In 1856, Pierce became the first — and, to this day, only — elected President in American History who was denied renomination by his own party.  The Democrats knew that Pierce was deeply unpopular in the North and his support in the South wasn’t strong enough to carry him to victory throughout the rest of the country.  Pierce had hoped to be renominated, but there was no chance.  When he left office in 1857, the United States was in drastically worse shape than it had been upon his inauguration four years earlier.

When Pierce turned over the White House to his successor, James Buchanan, an observer noted that Pierce left office as “a staid and grave man, on whom the stamp of care and illness was ineradicably impressed.”  Pierce put it more simply, saying that “There’s nothing left to do but to get drunk.”  For a while, retirement wasn’t too bad.  Pierce and Jane traveled to Europe and Jane’s health improved quite a bit from its low point during her time in the White House.  Jane, however, died in 1863 and Pierce was lonely and bored.

Two friendships continued throughout his retirement.  Pierce’s closest friend was the legendary author Nathaniel Hawthorne — a classmate at Bowdoin who wrote Pierce’s campaign biography in 1852 and was appointed U.S. Consul in Liverpool during his friend’s Presidency.  After Pierce left the White House, Hawthorne remained loyal — even as Pierce’s popularity continued to plummet and the former President’s support for the Union was questioned.  Pierce was at Hawthorne’s bedside when the author died in 1864 while he and Pierce were on vacation in New Hampshire’s White Mountains.  Pierce was devastated by his friend’s death and even more deeply hurt when Hawthorne’s family and friends refused to allow the unpopular former President to act as a pallbearer at Hawthorne’s funeral.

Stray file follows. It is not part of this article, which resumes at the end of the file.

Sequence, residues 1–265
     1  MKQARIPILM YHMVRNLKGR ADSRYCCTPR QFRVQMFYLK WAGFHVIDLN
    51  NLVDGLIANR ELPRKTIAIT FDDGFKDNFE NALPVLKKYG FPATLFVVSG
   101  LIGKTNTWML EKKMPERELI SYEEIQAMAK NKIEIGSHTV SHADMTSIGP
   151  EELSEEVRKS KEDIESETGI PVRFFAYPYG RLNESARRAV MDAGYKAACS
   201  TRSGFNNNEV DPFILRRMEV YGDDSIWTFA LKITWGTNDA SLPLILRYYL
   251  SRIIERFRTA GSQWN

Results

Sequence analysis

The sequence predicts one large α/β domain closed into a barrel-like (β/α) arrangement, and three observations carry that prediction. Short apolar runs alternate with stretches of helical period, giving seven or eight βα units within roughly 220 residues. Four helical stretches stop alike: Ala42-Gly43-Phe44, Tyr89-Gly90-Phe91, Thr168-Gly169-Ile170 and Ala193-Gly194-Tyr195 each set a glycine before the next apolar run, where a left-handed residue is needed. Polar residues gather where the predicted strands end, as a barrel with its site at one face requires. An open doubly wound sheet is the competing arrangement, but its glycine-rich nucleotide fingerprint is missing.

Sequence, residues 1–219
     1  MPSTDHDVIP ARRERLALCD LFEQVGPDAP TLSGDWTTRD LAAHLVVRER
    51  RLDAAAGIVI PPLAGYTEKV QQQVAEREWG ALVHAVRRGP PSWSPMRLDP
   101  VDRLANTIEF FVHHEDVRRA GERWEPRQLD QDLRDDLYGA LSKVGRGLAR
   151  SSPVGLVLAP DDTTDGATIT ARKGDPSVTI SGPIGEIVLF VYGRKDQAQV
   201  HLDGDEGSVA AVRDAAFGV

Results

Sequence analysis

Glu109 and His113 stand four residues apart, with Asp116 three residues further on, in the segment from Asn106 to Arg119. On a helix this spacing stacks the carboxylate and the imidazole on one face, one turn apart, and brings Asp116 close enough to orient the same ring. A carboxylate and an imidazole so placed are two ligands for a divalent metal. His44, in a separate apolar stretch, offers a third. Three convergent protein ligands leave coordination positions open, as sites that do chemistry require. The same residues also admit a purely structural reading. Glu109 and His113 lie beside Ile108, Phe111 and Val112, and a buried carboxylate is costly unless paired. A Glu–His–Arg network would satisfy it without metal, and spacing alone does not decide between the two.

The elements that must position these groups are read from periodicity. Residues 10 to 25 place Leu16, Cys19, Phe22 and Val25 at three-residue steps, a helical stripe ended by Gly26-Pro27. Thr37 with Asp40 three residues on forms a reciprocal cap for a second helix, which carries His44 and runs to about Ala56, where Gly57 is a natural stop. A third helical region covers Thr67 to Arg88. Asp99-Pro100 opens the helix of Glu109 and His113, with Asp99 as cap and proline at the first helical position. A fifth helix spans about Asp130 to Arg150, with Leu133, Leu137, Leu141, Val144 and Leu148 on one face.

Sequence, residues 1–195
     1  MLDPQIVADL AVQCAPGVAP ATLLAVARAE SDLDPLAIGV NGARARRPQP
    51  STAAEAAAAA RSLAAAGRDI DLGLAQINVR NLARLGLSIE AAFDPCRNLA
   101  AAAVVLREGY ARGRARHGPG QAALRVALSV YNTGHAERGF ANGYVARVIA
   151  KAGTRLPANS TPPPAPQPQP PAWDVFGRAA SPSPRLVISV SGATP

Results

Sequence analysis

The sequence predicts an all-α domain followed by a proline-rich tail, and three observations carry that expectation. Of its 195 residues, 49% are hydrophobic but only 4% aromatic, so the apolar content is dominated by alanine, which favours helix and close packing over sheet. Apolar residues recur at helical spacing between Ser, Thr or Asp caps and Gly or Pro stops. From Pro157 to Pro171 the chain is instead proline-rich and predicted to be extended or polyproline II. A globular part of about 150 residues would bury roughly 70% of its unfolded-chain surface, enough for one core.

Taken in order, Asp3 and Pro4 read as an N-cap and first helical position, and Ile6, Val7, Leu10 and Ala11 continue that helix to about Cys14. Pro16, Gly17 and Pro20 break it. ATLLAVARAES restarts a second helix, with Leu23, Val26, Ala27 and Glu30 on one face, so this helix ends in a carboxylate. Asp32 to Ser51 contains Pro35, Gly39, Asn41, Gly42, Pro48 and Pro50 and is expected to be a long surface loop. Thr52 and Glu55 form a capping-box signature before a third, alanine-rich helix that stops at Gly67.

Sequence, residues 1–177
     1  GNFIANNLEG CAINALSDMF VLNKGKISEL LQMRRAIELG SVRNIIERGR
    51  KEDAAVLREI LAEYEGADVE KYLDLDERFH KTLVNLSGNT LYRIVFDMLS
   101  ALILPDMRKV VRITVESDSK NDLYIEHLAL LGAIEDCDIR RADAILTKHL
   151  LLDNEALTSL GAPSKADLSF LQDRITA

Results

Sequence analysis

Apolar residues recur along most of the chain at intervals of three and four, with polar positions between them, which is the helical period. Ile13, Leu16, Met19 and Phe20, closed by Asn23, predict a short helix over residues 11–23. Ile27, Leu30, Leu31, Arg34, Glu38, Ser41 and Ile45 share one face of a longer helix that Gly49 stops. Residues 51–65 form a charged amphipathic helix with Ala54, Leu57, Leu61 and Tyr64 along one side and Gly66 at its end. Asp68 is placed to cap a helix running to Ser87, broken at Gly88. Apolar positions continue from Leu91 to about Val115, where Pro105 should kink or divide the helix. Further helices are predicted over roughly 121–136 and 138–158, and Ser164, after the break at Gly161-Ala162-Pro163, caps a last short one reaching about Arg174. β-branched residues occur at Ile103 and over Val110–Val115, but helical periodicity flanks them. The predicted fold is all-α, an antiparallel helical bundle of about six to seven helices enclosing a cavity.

By the time of Hawthorne’s funeral, Pierce was practically despised in the North — even in his home state of New Hampshire.  The famous abolitionist and author, Harriet Beecher Stowe, called Pierce an “archtraitor”.  It wasn’t merely his “doughface” views that caused the hostility towards Pierce.  The former President’s other closest friend was Jefferson Davis, the leading voice for Southern secession, Pierce’s Secretary of War, and the President of the Confederate States of America.  Pierce and Davis had been friends for decades by the time the Civil War broke out, but the friendship continued throughout the war.  In 1860, Pierce had recommended Davis for the Democratic Presidential nomination.